The Now Habit
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A guide to procrastination: why we do it, how we do it, and a number of tips and strategies to help overcome it. Overall a dry read, but there are a few bits I found useful. (Fun fact: This book sat on my shelf for two years before I started reading it. The irony is not lost on me.)
“The typical procrastinator completes most assignments on time, but the pressure of doing work at the last minute causes unnecessary anxiety and diminishes the quality of the end result.”
The vicious cycle of procrastination: get overwhelmed, feel pressured, fear failure, try harder, work longer, feel resentful, lose motivation, and then procrastinate.
As long as you’re in the cycle, there’s no escape. We can’t enjoy guilt-free play, because we feel it keeps us from what we should be doing. Yet this way, we lose motivation, negatively affecting our chances of success, and procrastination becomes part of our identity.
When caught in the procrastination cycle, obvious advice (break it into small pieces, set priorities…) is useless. You already know this, and you’d do those things if you could, but it’s just not that simple.
Procrastination is a mechanism for coping with anxiety associated with starting or completing a task or a decision — it’s a ineffective attempt to solve other underlying problems.
Why we do it
- Delaying can often be rewarding
- Perfectionism (leading to fear of failure)
- Expressing resentment (“I have to…”)
- A crutch against fear of failure (“I must do it right… but I can’t…”)
- Fear of success (advancement leads to more demands, and ultimately fear of failure; success creates disincentives like pain of moving and getting a new job; the conflict between doing more work and spending time with people in our lives)
How we procrastinate
Know how you spend your time: simply procrastinate at a normal level for a week, and observe yourself without judging.
Keeping a procrastination log can be useful by making us aware of which events trigger procrastination.
A good metaphor to how we procrastinate:
- Imagine a board, 10m long, half a meter wide, 10cm thick. You’re to walk across it. Easy, right?
- Then imagine you take the same board and hold it 30m above ground. It’s the same, but now you’re scared to death. You stand frozen.
- Now imagine the building just behind you is on fire and about to collapse. Now you don’t care. You do what needs to be done, and walk across it. Crawl if you have to.
When you procrastinate, it’s as if you were raising the board 30m off the ground, getting yourself frozen, and then lighting a fire behind you to force yourself to get it done. (That doesn’t seem healthy.)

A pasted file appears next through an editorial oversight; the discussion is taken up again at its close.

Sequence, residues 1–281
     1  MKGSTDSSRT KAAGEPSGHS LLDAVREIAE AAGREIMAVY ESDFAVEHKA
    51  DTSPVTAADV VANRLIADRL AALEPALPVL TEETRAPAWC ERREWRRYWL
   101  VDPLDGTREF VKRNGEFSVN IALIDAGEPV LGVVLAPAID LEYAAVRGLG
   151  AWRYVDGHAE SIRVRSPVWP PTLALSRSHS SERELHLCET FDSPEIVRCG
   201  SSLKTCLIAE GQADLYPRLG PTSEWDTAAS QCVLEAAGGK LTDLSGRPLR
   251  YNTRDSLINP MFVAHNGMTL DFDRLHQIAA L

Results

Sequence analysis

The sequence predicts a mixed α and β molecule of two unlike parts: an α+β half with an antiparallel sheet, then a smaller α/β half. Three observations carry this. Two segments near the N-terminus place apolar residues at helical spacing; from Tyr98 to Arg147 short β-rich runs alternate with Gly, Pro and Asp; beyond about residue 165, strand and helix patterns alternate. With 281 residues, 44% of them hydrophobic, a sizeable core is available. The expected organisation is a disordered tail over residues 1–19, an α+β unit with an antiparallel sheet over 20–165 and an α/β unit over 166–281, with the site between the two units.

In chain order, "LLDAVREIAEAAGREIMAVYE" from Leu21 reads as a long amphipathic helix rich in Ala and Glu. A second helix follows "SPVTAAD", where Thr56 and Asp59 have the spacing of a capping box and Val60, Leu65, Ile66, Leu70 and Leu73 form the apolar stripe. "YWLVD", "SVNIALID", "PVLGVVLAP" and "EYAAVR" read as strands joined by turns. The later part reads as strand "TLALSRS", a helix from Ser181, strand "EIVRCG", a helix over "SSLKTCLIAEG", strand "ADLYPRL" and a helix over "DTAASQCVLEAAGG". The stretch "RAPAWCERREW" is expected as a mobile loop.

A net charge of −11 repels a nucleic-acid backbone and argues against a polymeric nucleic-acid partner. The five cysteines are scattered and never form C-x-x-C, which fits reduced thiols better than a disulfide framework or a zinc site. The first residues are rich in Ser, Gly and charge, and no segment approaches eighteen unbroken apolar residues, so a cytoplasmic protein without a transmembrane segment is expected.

But imagine how you’d feel standing on the board, still 30m off the ground, but just a meter beneath it was a strong, supportive net. It’s not that scary anymore. Could even be fun. We need this kind of psychological safety net, so that failing no longer feels like death.
How to talk to yourself
Self-statements procrastinators make:
- I don’t want to do it
- I have to do it (or else…)
- “should”s: should be different, should be done, should be like him…
Self-statements producers make:
- I have to → I choose to
- I must finish → When can I start?
- This is big and important → I can take one small step
- I must be perfect → I can be perfectly human
- I don’t have time to play → I must take time to play
Enjoying guilt-free play is necessary for quality work.
This is a pattern I’ve been seeing with my own mild procrastination. During times when I feel particularly overwhelmed, I won’t tend to plan for play (won’t go out, spend time with friends, otherwise have fun), because I feel like I have too much to do to be able to do it. But that’s precisely what causes me to feel more overwhelmed, reinforcing my procrastination.
Overcoming blocks to action
Work of worrying: worrying is fine as long it’s the positive, productive, calm “work of worrying” — developing an action plan:
- What’s the worst that could happen?
- What would I do if the worst really did happen?
- How would I lessen the pain if the worst occured?
- What alternatives would I have?
- What can I do now to lessen the probability of the worst occuring?
- What can I do now to increase my chances of achieving the goal?
Most people wish for an illusory certainty that they will always succeed. This leaves them at a severe disadvantage compared to those who actually considered what happens if something goes wrong.
(This very much reminds me of defensive pessimism in Originals)
It takes work to procrastinate and it takes work to face your fear of finishing. There’s really no escape from some kind of work. So you might as well tackle the kind of work that’s going to be most useful long-term.
Be alert to when preparation becomes procrastination.
A clever system for organizing your schedule, built to encourage healthy relationship with work and play, and making use of reverse psychology.
Here are the rules:
- Don’t work on a project for more than 20 hours a week
- Don’t work on a project for more than 5 hours a day
- You must exercise or play for at least one hour a day
- You must take at least one day a week off from any work
- Aim for starting on just 30 minutes of quality work
- Work for an imperfect (perfectly human) first effort
- Start small
Then, schedule only:
- free time, recreation, leisure
- socializing, time with friends
- excercise and other health activities
- previously committed meetings, appointments, etc.
Don’t schedule work on projects. Schedule everything other than work on projects.
Fill in work on projects only after you’ve done it. Take credit only for periods where you spent at least half an hour of uninterrupted time on a project.
Before deciding to go to a recreational activity or social commitment, take time for just 30 minutes of work on your project.
Focus on starting. And keep starting.
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